Kitchen: A Book Review
When I was recommended this book by my good friend it immediately captured my attention as a unique and progressive tale. Published in 1987 and then translated by Megan Backus in 1993, Kitchen, written by Banana Yoshimoto, is still a well-regarded example of contemporary Japanese fiction. It won two of Japan’s most prestigious literary prizes and was “hailed as the young voice of Japan” by the Independent on Sunday. This novella is an intimate tale of universal emotions: love, loss, pain, loneliness, and acceptance. The central protagonist Mikage Sakurai is a young Japanese woman who has lost both her parents and following the death of her Grandmother, moves in with her Grandmother’s friend Yuichi and his mother Eriko. The three of them form an unexpected family and despite their personal grief, they find a uniting comfort and stability in each other’s company.
Set in the domestic realm of the everyday kitchen, this story ingeniously converts the mundane world into a space of laughter, life and vitality where the ordinary becomes extraordinary and beautiful. Despite the novel’s short length, the reader becomes immersed in the story, effortlessly understanding and empathising with the main characters. The first-person narrative style allows the reader deeper access into Mikage’s hopes and desires as well as her pain and loss. The quotation:
“As I grow older, much older, I will experience many things, and I will hit rock bottom again and again. Again, and again I will suffer; again and again I will get back on my feet. I will not be defeated. I won’t let my spirit be destroyed”,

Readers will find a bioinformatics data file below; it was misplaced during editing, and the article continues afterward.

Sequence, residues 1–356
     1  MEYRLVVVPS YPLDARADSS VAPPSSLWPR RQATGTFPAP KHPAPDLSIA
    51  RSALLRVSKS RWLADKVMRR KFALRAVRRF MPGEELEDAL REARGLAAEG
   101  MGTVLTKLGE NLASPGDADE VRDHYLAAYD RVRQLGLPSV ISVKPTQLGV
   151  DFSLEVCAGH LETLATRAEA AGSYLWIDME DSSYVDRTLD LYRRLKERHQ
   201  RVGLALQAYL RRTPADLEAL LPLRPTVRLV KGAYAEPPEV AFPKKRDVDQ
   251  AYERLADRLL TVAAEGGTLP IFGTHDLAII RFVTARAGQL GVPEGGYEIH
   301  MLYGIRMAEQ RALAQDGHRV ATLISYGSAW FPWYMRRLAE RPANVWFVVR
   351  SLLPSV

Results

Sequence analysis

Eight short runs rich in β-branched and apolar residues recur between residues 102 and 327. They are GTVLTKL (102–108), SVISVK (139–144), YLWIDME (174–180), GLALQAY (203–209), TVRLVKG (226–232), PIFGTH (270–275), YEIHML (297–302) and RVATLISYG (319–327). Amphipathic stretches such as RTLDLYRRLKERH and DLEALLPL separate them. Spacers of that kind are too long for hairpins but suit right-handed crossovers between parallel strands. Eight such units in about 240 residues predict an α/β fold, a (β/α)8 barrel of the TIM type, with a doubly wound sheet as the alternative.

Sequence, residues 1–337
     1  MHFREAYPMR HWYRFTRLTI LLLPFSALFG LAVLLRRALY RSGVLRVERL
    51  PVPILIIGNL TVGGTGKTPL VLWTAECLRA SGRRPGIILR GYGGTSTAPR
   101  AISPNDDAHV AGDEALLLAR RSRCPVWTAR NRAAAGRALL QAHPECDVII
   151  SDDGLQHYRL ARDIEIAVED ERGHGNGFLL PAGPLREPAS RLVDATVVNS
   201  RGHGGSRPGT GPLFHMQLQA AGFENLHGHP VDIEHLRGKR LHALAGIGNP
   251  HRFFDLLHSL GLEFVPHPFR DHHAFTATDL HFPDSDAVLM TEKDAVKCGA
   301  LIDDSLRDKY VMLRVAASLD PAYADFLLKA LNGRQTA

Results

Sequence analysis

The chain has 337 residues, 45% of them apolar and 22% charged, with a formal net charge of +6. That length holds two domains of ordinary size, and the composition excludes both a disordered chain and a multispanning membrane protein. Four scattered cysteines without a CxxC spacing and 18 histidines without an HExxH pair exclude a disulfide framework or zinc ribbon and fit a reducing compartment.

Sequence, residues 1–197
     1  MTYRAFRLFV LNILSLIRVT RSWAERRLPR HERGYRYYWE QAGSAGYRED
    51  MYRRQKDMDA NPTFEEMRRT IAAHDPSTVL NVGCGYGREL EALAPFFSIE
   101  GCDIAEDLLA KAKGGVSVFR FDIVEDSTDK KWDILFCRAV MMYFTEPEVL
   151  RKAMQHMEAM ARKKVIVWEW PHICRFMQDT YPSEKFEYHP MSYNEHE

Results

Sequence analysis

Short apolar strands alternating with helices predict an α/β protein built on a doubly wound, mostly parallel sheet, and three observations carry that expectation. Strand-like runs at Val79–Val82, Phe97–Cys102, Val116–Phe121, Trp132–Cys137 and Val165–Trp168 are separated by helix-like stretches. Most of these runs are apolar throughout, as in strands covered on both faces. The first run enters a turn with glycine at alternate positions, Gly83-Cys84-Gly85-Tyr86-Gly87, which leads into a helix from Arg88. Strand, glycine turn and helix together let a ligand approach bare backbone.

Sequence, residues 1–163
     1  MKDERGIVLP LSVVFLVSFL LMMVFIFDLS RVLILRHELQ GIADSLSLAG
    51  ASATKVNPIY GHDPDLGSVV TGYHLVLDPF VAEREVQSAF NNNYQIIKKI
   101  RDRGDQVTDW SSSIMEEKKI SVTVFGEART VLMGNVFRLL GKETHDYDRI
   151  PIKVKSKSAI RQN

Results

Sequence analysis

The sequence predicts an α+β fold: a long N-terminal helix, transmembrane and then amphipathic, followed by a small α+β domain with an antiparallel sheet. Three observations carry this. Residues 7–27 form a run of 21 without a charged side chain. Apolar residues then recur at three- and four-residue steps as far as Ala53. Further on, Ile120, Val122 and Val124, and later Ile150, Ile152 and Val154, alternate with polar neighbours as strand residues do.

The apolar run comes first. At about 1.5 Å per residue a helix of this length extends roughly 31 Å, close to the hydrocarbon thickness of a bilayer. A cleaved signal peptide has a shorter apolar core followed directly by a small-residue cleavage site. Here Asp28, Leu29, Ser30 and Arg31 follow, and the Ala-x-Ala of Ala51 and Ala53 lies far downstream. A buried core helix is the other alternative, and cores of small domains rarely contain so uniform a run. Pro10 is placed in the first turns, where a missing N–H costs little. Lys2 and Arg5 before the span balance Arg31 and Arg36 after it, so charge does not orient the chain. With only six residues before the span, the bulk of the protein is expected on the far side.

is particularly poignant. She truthfully describes the trials of life experienced by all, such as the loss of her grandmother, but her message is not one of despair. It is her optimistic outlook that truly illustrates her internal strength and the reader cannot help but greatly admire Mikage. This simple but powerful rationality is similarly reflected in the relationships between the characters. Kitchen follows the realistic and bittersweet relationship of Yoichi and Mikage, who are just two people that gradually fall in love. Their story does not follow the predictable rom-com trajectory but nevertheless is just as emotive and moving.
What I enjoy most about this book is its inclusive and compassionate representation of humanity and this especially can be seen in the character of Yoshimoto, Yoichi’s mother (who was once his father). This book has been praised for including a transgender character (especially as a novella written in 1988), but what is more, is that she is not defined by her identity. Her identity is not pre-empted by the author and her role as a mother is instead what is centralised. Love rather than hate thrives in Kitchen and it is the uniting force of family and food where the characters find joy and friendship. The quotation:
“May the memory of this moment, here, the glowing impression of the two of us facing each other in this warm, bright place drinking lovely hot tea, help save him, even a little bit”,
exemplifies this theme. Whether it be over a cup of tea or a bowl of “soupy rice” it is the simple warmth of the kitchen that represents universal stability we all search for. There is a profound joy depicted in the small moments. Kitchen is a tale of simplicity aptly contained in a short, beautifully written form but also contains the full extent of human experience and this is why I will go on to recommend this novel as it was recommended to me.